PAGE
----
Create A Brain-Friendly Classroom With These 8 Tips
by Judy Willis and TeachThought Staff
The idea of a ‘brain-friendly’ classroom isn’t a frequent talking point in education, but maybe it should be.
How to create such a classroom isn’t immediately obvious. Although it is valuable for teachers to be familiar with neuroscientific research and pass relevant findings along to education stakeholders, it is crucial that educators use classroom strategies that reflect what we know about the brain and learning.
So how can teachers create environments where anxiety is low while providing enough challenge and novelty for suitable brain stimulation? How can you create a classroom that works in a way the brain ‘likes’ to learn? This is obviously a multi-faceted concept involving sensory input, task creation, sequencing, mindset, tone, student-to-student and student-to-teacher interactions, and so on, not to mention the far more impactful experiences students have at home. Trauma or even simply an ongoing state of stress in a dysregulated environment all shape the brain and its functions–the brain you as a teacher are trying to help them use to learn.
8 Ways To Create A Classroom That Works Like The Brain Likes To Learn
1. Make learning clear–and clearly relevant
When a lesson is overly abstract or seems irrelevant to students. Teachers can reduce this type of stress by making the lesson more personally interesting and motivating. Ideally, students should be able to answer the question, “Why are we learning about this?” at any point in a lesson. Teachers can find valuable background materials and human interest connections in textbooks published in the 1990s, before many publishers dropped such information to make room for practice test questions.
The internet is a source of many teacher-shared lesson plans and links to websites that provide resources for student activities and information databases that bring the more fact-heavy lessons to life. Consider our fill-in-the-blank prompts for project-based learning where students can, with your help, create their own projects.
It is not always possible to explain the immediate relevance of every lesson. In math, for example, students must master certain skills before they can go on to investigate larger, more clearly relevant topics. One way to increase the emotional connection is by adapting word problems so that they include the names of students, popular celebrities, historical figures, or sports heroes. Similarly, problems about interest rates can relate to purchasing something the students would want to buy, such as a book, new phone, or clothes, for example. Students can learn about decimal place values by calculating batting averages to the thousandth place.
Language arts teachers can combine lessons on formal letter writing with a study of ethics or advertising. Students select a television commercial or print ad they judge to be misleading and write a letter expressing that opinion to the company in question. Students can compare historical fact and fiction by reading texts, examining primary sources, and viewing movies. In science classes dealing with the differences between mixtures and solutions, students can predict which liquids in their homes are mixtures and which are solutions. At home, they test their predictions by seeing which items are in separate layers until shaken.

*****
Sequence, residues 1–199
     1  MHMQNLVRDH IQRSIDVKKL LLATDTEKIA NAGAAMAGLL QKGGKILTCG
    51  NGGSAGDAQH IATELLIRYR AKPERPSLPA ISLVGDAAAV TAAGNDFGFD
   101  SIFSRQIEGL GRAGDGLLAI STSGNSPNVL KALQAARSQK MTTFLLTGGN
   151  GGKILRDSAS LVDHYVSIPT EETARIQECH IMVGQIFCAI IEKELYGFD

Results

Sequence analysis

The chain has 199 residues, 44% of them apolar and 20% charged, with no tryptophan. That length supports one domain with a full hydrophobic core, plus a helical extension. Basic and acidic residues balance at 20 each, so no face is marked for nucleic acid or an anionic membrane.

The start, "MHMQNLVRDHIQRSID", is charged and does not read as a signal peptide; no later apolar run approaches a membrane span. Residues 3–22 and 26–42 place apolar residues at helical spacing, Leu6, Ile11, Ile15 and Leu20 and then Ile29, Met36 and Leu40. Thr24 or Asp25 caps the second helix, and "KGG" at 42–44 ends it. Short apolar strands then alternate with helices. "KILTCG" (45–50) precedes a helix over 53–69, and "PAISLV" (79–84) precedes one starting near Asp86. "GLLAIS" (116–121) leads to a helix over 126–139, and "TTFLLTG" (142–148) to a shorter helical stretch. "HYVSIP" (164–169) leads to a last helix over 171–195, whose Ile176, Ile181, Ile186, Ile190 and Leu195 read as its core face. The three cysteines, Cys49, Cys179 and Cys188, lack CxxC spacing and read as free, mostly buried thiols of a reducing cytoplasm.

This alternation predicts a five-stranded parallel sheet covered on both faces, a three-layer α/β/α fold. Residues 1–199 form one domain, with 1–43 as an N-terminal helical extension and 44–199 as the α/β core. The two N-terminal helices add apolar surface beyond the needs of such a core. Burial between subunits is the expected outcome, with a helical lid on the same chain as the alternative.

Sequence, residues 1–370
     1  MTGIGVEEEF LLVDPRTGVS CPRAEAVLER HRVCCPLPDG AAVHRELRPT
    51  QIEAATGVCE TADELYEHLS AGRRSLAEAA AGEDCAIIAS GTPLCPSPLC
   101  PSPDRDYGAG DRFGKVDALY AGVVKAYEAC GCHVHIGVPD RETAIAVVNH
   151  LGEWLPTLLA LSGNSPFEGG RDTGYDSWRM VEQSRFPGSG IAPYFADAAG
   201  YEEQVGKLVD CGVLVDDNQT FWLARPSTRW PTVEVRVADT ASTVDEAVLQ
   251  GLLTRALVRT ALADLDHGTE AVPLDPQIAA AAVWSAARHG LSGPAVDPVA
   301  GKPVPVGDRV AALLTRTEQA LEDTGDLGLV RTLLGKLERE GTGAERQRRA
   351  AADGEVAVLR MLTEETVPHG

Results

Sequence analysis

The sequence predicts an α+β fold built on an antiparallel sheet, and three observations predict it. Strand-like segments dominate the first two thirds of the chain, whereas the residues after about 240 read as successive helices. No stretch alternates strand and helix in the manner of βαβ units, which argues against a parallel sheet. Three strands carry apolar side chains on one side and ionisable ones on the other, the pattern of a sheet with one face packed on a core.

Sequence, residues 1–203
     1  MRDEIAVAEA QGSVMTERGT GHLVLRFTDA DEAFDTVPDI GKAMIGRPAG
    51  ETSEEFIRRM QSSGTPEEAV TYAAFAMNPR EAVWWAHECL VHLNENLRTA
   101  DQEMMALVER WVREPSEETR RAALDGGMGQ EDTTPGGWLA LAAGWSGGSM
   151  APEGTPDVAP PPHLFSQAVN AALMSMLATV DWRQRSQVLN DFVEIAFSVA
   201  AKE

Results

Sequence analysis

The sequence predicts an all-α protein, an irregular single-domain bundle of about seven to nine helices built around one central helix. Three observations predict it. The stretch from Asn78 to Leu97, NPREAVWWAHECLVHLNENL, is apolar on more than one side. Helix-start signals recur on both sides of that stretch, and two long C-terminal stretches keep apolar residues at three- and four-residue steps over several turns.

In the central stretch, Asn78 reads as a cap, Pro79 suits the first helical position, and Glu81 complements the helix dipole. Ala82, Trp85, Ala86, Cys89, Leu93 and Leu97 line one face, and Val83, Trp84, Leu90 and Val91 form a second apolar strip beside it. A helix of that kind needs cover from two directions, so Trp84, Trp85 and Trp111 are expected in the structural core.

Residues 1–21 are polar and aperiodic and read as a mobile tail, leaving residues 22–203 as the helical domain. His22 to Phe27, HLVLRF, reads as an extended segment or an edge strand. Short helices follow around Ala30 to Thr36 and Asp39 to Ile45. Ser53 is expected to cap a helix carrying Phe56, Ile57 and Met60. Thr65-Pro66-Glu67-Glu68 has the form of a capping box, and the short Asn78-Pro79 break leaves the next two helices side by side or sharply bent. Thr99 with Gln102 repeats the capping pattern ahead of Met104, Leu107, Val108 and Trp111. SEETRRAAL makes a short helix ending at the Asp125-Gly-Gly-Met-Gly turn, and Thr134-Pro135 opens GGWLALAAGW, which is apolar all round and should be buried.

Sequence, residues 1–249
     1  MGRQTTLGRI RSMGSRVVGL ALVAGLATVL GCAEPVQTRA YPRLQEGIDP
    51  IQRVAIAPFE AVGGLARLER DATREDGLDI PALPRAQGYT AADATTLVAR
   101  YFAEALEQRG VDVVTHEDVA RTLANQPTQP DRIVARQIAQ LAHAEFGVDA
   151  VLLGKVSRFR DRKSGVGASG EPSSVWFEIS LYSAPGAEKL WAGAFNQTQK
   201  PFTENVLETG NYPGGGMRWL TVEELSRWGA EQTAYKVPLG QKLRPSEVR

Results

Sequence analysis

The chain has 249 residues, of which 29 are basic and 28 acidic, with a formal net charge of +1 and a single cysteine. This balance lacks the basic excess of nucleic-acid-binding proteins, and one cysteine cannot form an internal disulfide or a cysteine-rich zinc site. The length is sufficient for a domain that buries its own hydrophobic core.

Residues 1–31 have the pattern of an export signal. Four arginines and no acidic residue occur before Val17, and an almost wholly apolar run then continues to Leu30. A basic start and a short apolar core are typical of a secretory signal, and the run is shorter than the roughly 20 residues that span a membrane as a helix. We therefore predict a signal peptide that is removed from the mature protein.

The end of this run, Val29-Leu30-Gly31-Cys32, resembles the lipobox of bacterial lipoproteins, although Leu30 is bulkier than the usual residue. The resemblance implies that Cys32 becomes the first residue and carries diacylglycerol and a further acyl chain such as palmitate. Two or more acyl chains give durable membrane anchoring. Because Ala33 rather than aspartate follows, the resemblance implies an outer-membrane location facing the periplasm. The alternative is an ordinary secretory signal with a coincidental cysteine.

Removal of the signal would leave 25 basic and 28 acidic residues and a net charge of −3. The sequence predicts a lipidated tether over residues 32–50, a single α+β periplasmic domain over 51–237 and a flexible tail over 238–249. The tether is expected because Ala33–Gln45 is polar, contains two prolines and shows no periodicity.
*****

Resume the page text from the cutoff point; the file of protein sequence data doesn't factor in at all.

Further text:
Or instead of just studying facts about pollution, students can learn to take and test water samples (read more). When a lesson or block of lessons is full of facts to memorize, students will often feel less stress when they see an intrinsic reward for their efforts, such as using the facts they’ve mastered as a tool for participating in a more appealing activity. For example, when students know the metric to standard measurement conversions, they can ‘translate’ a recipe from a cookbook that uses metric measures into the quantities they need in U.S. standard measurements to prepare cookie dough in class.
2. Give their brains a break
Just like adults, students can reduce stress by enjoying hobbies, time with friends, exercise, or music. Even though schools are shortening recess, physical education, art, drama, and even lunchtime to add more time for core subjects, teachers can give students a three-minute vacation to reduce stress. Any pleasurable activity used as a brief break can give the amygdala a chance to cool down and the neurotransmitters time to rebuild.
Meditation apps can be useful, too.
3. Help students create positive associations
The brain works via feedback loops which create associations over time. So help students create positive associations with school: With content areas, letter grades, tests, or simply the idea of school itself.
Eliminating all suffering, stress, and negativity from students’ lives is impossible. However, even if previous classroom experiences have led to associations that link certain activities, such as memorizing multiplication tables, to a stress response from the amygdala, students can benefit from revisiting the activity without something negative happening. By avoiding stressful practices like calling on students who have not raised their hands, teachers can dampen the stress association. Students can develop positive associations with multiplication by practicing it with a positively reinforcing strategy.
For example, they might first review the table for multiplying by eight, then fill in blanks on a worksheet and immediately check each written answer with a calculator. If the answer is correct, the student experiences instant positive reinforcement. If the answer is incorrect, the student sees the right answer on the calculator—a much more pleasurable experience than hearing a classmate call out the answer before the student can even begin to compute it.